Updated Statement on the Demise of Fair Share Housing Proposal

June 2, 2023
For more information, contact:
Roy Occhogrosso 
[email protected]
(860) 490-1361


HARTFORD, CONNECTICUT — Today, a decision was made to pull the Fair Share Planning and Zoning proposal from an omnibus housing bill. The Fair Share proposal, which would have been a major step towards addressing Connecticut’s housing crisis, creating integrated housing choices, and kickstarting the state's economy, was one of the most meaningful and outcome-focused zoning reform bills proposed nationwide. 

With the hard work of many of the advocates, including the Growing Together Connecticut Consortium and the Greater Hartford Interfaith Action Alliance, and legislative partners including Rep. Luxenberg, Majority Leader Rojas, and Senators Looney and Duff – the bill advanced through the Legislature with its critical components intact. These core elements included a meaningful calculation of the need for affordable housing, a municipal planning process, and enforcement. 

Unfortunately, after advancing out of the Housing Committee process largely intact, the Fair Share proposal was subsequently and consistently watered down.  During those several months, we met with dozens of legislators and tried our best to address their concerns.  We made significant concessions to them on almost every section of the bill, including the number of units to be built and the timeframe to implement the Fair Share plan.  What we were not willing to compromise on was the notion that the bill needed to contain a meaningful enforcement mechanism that would have forced non-complying towns to do something meaningful.  Without that, the entire concept doesn’t work.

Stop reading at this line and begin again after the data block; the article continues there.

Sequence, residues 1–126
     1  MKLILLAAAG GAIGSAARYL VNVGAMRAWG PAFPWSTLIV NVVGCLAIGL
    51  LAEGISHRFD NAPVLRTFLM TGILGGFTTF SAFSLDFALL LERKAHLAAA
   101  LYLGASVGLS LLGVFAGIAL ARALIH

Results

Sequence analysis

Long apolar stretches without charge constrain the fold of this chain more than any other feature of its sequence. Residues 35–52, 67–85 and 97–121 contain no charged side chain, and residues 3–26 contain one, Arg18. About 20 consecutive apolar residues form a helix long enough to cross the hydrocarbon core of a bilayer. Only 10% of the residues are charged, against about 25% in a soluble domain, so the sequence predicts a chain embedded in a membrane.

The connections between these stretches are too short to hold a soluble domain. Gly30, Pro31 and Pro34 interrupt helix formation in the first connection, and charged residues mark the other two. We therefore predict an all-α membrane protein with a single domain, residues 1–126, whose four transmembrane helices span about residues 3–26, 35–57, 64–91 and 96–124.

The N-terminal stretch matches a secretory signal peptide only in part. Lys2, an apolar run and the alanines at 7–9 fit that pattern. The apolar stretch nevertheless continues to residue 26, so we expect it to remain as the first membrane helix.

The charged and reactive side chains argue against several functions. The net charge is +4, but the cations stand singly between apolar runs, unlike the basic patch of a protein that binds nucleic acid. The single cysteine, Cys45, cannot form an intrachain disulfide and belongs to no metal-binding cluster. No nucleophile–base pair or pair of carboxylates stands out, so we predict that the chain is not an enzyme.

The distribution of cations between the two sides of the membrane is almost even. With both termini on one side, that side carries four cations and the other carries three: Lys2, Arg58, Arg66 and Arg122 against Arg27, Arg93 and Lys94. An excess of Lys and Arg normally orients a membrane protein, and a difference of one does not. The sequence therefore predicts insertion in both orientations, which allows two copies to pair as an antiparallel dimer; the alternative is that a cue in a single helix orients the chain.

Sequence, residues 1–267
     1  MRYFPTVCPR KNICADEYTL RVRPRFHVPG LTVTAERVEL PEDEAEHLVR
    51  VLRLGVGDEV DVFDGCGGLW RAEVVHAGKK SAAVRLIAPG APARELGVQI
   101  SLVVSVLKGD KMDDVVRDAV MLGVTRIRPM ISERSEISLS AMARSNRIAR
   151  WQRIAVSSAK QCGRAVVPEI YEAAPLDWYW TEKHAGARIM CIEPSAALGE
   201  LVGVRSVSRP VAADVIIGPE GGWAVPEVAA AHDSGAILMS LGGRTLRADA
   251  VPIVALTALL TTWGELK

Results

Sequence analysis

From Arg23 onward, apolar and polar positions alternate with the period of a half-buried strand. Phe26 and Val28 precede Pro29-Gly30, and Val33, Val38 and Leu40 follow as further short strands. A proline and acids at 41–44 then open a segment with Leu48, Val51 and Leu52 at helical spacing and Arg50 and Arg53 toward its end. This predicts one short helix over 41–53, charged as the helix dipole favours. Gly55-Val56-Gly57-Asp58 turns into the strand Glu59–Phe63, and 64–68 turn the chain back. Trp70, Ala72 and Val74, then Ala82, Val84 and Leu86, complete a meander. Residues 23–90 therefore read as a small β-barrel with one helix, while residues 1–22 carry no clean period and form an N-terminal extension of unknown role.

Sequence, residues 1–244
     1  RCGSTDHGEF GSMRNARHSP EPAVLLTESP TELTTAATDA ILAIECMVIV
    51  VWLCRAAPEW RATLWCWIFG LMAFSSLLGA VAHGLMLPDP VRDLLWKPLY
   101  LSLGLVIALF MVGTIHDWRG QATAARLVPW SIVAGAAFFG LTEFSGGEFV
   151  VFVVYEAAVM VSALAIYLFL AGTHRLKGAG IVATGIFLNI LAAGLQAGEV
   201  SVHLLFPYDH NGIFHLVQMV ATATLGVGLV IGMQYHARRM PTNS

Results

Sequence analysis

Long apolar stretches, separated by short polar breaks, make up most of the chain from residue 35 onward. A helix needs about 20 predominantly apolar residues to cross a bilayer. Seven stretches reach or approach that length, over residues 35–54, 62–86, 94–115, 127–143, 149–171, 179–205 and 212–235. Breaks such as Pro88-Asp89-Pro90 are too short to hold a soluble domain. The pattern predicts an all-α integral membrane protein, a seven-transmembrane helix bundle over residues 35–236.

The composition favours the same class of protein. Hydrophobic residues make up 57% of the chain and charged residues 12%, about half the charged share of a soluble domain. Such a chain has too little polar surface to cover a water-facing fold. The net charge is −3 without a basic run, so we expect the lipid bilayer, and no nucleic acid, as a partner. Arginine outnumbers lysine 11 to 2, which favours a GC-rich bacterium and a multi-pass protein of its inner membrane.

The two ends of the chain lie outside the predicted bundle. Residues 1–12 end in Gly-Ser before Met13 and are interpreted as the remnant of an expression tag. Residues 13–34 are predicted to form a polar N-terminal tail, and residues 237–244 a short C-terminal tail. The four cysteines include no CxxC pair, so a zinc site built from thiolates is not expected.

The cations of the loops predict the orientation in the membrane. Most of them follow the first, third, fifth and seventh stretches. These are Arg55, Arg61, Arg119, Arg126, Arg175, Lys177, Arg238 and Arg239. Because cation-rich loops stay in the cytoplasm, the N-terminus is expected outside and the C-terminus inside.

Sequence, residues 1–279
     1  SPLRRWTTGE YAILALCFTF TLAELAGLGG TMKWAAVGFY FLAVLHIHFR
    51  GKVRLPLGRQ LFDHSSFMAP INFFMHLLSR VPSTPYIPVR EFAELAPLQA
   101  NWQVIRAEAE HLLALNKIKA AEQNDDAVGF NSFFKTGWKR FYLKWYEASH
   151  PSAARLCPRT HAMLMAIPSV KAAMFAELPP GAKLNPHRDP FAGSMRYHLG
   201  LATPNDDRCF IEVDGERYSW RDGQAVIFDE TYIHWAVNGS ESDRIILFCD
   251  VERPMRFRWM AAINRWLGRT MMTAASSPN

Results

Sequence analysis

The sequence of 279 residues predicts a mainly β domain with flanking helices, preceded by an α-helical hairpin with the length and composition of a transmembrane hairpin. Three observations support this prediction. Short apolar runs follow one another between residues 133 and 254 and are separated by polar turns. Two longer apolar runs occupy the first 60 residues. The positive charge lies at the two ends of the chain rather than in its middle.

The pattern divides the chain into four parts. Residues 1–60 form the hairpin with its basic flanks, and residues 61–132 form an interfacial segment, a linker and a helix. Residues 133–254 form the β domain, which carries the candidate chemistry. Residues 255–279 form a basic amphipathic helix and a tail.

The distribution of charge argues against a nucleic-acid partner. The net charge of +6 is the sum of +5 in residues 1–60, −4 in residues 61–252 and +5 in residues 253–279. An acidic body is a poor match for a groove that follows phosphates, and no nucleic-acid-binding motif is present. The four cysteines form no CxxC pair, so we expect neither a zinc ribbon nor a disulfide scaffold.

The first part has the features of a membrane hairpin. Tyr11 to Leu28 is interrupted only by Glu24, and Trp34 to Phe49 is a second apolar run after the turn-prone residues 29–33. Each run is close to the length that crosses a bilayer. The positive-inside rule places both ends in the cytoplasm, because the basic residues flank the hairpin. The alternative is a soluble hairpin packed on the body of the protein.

To those who will claim “victory” about this development, you are responsible for perpetuating the housing crisis the state faces.  You are holding back our economy, and for continuing to make Connecticut an unaffordable place to live for young people starting their first jobs, for middle-class workers who don’t make a ton of money, and for seniors who desperately want to stay in the communities they’ve lived in their entire lives. You are, even today, too often acting in violation of state statutes and the state constitution, which require towns to advance economic opportunity and to tackle segregation.

Despite our disappointment, this session provided a tremendous opportunity to educate policy leaders, stakeholders, and community members about Fair Share and to build a base of strong support for future advocacy. We connected to thousands of people across the state who believe that all towns should welcome people who need for affordable housing and when the towns refuse to do so, the state, which delegated the power to zone to towns to begin with, has an obligation to step in.


Open Communities Alliance (OCA) is a Connecticut-based civil rights nonprofit organization that promotes access to opportunity for all people through education, organizing, advocacy, research, and partnerships. OCA’s ambitious mission of unwinding Connecticut’s history of government-perpetuated segregation focuses on reducing social, economic, and health disparities experienced by low-income families of color and generating access to “opportunity” by establishing pathways to affordable housing in thriving communities. For more information, please visit ctoca.org. 



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